The Effect Of Lean Six Sigma On The Employee And The Organization

The Effect Of Lean Six Sigma On The Employee And The Organization

Length: 1957 words (5.6 double-spaced pages)

Rating: Excellent

Open Document

Essay Preview

More ↓
The Effect of Lean Six Sigma on the Employee and the Organization


Abstract
Lean Six Sigma is a methodology that creates processes within an organization to cut waste and improve the company’s performance. However, studies have shown that over the past decade applying Lean Manufacturing and Six Sigma can create problems for companies financially and potential problems for employees. Companies should take great care before implementing a Lean Six Sigma solution because in some instances, going lean can do more harm than good both financially for the organization as well as destroying employee loyalty and moral.

The Effect of Lean Six Sigma on the Employee and the Organization
The methodology of Lean Six Sigma is the merger of two business tools that includes Lean Manufacturing and Six Sigma. Six Sigma focuses on improving current business processes and performance while Lean Manufacturing focuses on the improvement of the processes of an organization by using highly skilled employees to increase speed and quality. Combining the two methodologies creates an organization that focuses on quality, efficiency and speed to lower operational costs and increase profits. By following the Lean Six Sigma methodology, many companies have attempted to create a lean, waste-free environment ultimately at the expense of the employee and occasionally at the expense of the organization.
Variability and Failing the Lean Test
Creating a process is not always the answer to every organization. Organizations attempting to reduce waste may find themselves stuck trying to understand precisely where vital financial cuts need to take place. Variability can actually prevent Lean Six Sigma from working in a business environment and can sometimes impact flow in a negative way (Locher, 2007, p. 54). As demand in many organizations can be unpredictable, many employees will find the need to multitask in order to get the job done. Multitasking itself creates highly skilled employees that are required in a lean environment. Companies that employ individuals who are capable of multitasking benefit from these employees as the organization see’s a high degree of flexibility and responsiveness with a reduction in operational costs. Companies looking to cut waste in an environment where employees are already stretched thin by performing multiple duties and tasks beyond their job description could find its employees becoming even more overworked and see a larger degradation of performance due to understaffing in an effort to cut costs. These cost-cutting measures could actually do more harm than good to an organization.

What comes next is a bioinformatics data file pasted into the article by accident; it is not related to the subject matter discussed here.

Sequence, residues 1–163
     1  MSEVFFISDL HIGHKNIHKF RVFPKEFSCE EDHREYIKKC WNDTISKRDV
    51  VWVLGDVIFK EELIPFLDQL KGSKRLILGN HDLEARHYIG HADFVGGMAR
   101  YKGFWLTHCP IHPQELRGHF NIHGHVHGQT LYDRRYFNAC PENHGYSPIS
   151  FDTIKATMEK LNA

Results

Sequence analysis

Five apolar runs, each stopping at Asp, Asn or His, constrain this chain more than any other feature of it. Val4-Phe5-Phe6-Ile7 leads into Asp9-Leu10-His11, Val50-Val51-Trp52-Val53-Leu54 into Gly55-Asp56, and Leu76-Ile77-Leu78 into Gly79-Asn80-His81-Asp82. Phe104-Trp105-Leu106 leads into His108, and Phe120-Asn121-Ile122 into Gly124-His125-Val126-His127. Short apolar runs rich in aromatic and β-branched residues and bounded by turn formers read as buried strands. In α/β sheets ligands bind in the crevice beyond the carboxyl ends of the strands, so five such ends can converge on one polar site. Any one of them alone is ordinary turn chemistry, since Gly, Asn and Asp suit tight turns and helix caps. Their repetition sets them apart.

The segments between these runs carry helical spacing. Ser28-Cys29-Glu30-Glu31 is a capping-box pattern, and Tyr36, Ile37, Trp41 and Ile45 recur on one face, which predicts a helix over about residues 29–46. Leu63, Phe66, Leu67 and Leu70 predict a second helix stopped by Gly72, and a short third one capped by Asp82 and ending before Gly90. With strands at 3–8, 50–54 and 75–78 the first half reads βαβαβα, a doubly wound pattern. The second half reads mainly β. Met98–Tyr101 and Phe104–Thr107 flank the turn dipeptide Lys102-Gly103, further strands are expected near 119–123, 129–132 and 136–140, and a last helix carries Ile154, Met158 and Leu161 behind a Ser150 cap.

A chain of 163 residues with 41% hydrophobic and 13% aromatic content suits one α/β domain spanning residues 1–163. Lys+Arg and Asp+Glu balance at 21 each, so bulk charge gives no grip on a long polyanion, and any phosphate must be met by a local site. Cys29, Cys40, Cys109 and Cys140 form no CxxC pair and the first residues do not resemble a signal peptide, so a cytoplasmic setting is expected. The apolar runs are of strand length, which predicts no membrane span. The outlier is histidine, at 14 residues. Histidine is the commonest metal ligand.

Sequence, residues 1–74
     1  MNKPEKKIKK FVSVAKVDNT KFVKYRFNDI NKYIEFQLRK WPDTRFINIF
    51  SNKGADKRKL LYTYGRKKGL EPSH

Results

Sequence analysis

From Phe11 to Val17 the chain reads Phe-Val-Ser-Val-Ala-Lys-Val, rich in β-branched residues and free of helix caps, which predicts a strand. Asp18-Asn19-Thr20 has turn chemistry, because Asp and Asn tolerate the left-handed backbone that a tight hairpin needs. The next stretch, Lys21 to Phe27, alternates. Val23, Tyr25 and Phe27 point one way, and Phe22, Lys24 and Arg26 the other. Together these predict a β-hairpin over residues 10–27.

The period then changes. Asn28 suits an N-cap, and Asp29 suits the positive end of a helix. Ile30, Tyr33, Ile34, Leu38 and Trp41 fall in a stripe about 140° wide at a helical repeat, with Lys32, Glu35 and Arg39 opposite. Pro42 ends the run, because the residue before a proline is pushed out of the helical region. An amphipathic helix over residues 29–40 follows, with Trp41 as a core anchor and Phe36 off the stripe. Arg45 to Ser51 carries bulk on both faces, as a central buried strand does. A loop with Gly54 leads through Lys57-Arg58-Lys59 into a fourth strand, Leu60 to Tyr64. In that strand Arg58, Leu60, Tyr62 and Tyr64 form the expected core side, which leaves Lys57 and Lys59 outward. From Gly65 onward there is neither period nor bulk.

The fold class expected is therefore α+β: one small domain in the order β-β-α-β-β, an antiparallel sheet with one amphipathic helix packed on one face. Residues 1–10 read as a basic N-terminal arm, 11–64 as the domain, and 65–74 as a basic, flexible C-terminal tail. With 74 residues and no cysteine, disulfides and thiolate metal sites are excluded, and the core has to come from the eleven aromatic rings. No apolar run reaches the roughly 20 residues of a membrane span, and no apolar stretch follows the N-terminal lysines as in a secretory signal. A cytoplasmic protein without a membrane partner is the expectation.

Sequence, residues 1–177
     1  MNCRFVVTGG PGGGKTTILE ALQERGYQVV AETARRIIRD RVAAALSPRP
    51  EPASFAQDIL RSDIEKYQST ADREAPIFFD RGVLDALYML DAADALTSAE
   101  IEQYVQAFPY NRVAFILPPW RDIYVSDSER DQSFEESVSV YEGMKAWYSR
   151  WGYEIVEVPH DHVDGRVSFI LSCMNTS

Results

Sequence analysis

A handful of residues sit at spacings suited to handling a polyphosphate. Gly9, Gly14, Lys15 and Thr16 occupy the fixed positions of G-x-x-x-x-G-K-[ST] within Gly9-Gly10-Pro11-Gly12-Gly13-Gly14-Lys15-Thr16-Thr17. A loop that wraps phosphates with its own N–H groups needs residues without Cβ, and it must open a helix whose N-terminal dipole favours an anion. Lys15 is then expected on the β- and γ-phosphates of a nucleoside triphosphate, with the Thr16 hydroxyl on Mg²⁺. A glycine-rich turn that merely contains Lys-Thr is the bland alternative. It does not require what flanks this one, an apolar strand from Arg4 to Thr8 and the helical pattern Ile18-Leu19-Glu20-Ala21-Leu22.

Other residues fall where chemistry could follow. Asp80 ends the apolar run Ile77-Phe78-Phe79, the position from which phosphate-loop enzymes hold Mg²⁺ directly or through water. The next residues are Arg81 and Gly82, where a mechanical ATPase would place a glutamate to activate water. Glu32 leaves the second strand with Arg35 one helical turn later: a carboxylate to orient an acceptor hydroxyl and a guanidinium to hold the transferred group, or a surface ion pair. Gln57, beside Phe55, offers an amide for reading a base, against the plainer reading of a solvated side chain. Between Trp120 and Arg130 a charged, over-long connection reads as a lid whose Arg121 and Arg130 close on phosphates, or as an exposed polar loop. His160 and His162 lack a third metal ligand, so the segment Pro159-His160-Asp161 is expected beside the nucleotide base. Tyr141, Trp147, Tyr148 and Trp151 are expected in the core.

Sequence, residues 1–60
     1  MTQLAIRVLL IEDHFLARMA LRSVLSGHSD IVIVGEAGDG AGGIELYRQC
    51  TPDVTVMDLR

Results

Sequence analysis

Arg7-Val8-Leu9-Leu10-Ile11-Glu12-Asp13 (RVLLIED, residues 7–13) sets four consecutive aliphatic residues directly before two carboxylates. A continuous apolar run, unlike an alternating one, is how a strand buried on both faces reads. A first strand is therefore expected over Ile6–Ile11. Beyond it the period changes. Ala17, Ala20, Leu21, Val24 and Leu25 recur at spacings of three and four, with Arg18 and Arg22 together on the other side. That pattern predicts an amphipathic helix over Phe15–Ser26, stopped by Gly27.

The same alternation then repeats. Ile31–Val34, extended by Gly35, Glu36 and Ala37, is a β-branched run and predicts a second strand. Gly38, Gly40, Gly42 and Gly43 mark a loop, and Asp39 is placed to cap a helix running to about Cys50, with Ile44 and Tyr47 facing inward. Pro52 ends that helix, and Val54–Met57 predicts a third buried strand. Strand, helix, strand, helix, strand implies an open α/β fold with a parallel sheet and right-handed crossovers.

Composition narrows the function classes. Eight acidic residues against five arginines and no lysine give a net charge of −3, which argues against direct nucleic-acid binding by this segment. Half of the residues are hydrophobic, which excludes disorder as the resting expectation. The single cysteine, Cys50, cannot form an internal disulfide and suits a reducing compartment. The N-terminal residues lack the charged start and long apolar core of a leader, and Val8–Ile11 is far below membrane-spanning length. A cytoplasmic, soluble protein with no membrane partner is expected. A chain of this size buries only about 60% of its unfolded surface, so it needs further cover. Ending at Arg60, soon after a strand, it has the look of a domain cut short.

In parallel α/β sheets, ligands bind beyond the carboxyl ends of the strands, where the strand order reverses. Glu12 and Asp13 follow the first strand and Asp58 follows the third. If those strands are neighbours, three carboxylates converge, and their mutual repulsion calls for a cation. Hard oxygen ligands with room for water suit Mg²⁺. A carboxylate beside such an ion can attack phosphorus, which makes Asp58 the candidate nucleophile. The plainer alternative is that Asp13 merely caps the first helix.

How to Cite this Page

MLA Citation:
"The Effect Of Lean Six Sigma On The Employee And The Organization." 123HelpMe.com. 25 Aug 2019
    <https://www.123helpme.com/view.asp?id=167727>.

Need Writing Help?

Get feedback on grammar, clarity, concision and logic instantly.

Check your paper »

Application And Execution Of Six Sigma Essay

- Annotation: Due to the fact many companies have expanded their operations internationally, this article investigates a valuable aspect of Six Sigma: how the application of the process is influenced by culture and how it influences cultures. The application and execution of Six Sigma vary based on a culture’s orientation, specifically on how companies focus on hard and soft savings and the organizational scope of projects. Therefore, these findings demonstrate how Six Sigma directly influences the general environment of an organization....   [tags: Six Sigma, Management, Strategic management]